No, “T-shaped” people are not anatomically deformed nor extraterrestial beings. I came across the term in the excellent book The Ten Faces of Innovation by Tom Kelley:
At IDEO, we’ve found that some of our most valuable Cross-Pollinators are what we call “T-shaped” individuals. That is, they enjoy a breadth of knowledge in many fields, but they also have depth in at least one area of expertise. (p. 75)
T-shaped people are excellent at “cross-pollinating” between disciplines and ways of thinking. Their breadth of knowledge allows them to apply insights and innovations from other fields to another (usually to their area of expertise). Kelley recommends making a point of hiring individuals with this trait, but I might add that organizations could also do a better job of identifying and supporting the ones that are already there.
I started thinking about the T-shaped people that I know and it occurred to me that non-profits are natural magnets for this trait.
I consider myself a t-shaped person, although perhaps not yet especially deep (being a new professional). Diama and Monica are, too. Diama majored in English and Political Science, is a former librarian, and is an expert grant-writer for CAP. Oh and she knows a whole lot about innovation. That Masters in Library Science helps her be a more productive grant writer – for instance, she ruthlessly categorizes and stores every last email and bookmark in intricately catalogued sets of folders and subfolders. Monica studied comparative electoral systems in Latin America (or something?) for her doctoral dissertation, is now an expert in public policy and anti-poverty interventions, and I’m told was once a mascot at Chuck E. Cheese. That latter experience helped us while we planned a potential event at Incredible Pizza.
The point is that non-profits tend to draw people with a diverse set of experiences, competencies, and perspectives. Many of us came to the field with a somewhat hard-to-place undergraduate degree (lots of English and History majors around!) and developed our expertise in whatever position we could find. What could non-profits do to build on the talents of the T-shaped colleagues that surround us?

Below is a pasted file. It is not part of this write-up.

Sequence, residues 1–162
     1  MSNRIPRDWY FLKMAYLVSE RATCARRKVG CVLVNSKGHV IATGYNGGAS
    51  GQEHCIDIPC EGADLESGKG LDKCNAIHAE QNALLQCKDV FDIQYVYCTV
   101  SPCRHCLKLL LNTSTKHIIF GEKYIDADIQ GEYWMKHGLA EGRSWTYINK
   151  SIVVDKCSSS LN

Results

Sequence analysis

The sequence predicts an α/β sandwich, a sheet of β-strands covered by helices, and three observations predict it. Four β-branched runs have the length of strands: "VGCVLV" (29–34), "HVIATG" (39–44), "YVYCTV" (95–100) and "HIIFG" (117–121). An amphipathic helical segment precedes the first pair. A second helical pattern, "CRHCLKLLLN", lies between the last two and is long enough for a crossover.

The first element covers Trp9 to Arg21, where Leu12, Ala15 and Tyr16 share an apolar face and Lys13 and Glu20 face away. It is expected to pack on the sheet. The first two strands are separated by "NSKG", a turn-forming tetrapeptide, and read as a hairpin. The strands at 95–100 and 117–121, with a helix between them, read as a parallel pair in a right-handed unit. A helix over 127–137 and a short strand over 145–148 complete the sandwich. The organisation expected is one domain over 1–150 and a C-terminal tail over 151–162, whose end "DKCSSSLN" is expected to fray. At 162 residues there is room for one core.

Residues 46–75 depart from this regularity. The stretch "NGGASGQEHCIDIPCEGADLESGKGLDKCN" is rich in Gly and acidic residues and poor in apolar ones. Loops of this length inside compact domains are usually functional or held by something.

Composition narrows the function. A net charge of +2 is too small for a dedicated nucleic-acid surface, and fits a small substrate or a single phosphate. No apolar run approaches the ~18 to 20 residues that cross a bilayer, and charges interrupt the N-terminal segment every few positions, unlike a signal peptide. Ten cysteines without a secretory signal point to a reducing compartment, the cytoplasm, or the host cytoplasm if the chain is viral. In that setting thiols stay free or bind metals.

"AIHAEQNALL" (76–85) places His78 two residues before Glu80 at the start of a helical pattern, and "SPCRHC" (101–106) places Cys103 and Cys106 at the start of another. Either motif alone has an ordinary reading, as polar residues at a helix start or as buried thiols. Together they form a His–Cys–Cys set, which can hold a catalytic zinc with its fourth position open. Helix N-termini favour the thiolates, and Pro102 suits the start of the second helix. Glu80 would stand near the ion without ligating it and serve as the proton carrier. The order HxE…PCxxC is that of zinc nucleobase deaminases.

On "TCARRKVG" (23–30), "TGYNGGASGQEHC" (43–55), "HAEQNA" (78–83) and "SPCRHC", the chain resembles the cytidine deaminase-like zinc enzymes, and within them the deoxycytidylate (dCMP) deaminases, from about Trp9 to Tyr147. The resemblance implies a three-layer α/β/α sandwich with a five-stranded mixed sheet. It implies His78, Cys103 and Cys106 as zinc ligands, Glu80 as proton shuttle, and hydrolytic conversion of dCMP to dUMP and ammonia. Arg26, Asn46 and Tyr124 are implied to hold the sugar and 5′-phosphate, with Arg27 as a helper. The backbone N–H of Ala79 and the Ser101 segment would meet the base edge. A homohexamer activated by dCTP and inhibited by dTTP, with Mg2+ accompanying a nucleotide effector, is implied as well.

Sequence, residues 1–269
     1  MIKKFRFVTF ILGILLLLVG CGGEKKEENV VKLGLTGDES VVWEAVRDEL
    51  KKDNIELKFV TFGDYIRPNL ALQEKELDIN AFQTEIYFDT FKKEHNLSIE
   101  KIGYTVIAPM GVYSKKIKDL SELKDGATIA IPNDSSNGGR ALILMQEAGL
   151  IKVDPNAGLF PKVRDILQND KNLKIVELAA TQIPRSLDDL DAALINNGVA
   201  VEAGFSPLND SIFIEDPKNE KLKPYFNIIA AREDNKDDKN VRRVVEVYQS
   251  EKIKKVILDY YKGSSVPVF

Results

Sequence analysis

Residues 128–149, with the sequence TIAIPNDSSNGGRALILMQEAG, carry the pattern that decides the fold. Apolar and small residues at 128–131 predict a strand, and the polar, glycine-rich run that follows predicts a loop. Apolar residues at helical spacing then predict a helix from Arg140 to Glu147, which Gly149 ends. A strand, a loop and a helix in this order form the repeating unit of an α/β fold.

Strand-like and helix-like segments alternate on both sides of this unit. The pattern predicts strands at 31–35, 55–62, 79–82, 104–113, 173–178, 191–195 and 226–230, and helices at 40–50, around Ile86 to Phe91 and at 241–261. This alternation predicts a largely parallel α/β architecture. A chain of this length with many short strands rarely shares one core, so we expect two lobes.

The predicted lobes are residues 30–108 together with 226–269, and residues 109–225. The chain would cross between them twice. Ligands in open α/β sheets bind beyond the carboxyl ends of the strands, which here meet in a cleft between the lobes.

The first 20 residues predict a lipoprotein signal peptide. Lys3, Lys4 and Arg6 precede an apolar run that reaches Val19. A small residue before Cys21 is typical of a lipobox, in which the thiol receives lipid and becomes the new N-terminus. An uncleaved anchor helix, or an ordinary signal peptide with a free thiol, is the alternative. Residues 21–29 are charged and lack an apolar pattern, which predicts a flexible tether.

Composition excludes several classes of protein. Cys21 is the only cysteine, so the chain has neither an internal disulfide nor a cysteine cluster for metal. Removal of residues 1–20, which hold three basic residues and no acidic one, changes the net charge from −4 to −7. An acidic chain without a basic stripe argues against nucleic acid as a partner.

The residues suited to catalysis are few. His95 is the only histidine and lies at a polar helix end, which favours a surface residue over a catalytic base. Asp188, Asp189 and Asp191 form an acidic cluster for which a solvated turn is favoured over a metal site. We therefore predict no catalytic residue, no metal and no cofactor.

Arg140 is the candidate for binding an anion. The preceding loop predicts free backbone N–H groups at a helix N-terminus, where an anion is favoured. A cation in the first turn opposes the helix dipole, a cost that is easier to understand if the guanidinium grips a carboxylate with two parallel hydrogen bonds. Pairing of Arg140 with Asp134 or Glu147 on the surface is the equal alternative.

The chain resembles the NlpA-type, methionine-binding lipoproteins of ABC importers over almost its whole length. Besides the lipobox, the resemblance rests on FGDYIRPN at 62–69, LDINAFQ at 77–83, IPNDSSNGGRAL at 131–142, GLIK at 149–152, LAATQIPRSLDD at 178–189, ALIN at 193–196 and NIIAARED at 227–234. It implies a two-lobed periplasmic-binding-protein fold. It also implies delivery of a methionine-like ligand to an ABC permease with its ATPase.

I have a second point: a liberal arts undergraduate education predisposes us to become t-shaped people, and non-profits naturally attract us and provide opportunities begin deepening our “T”. But how do we make sure we can keep and broaden our breadth? How do we constantly expose ourselves to new fields and ways of thinking? And how to we keep from boxing those experiences up as “leisure” that is unrelated to our work?
Already I feel the pressures of trying to keep and widen my breadth while still working hard to deepen my nascent professional expertise. That’s one reason I wanted to work for a few years before going on to graduate school, and why I’m hesitant to lock myself into one particular set of skills or work experiences. But I’d like to think there’s a way we can make our workplaces and organizations better at building T-shaped people of all widths and depths. Our pool of knowledge is so incredibly broad here – surely we can fish out some solutions from opera, or golf, or aerospace, or whatever, so we can overcome some of those chronic challenges that plague our anti-poverty mission.
My New Year’s resolution is to keep getting deeper and wider in 2009. What’s yours?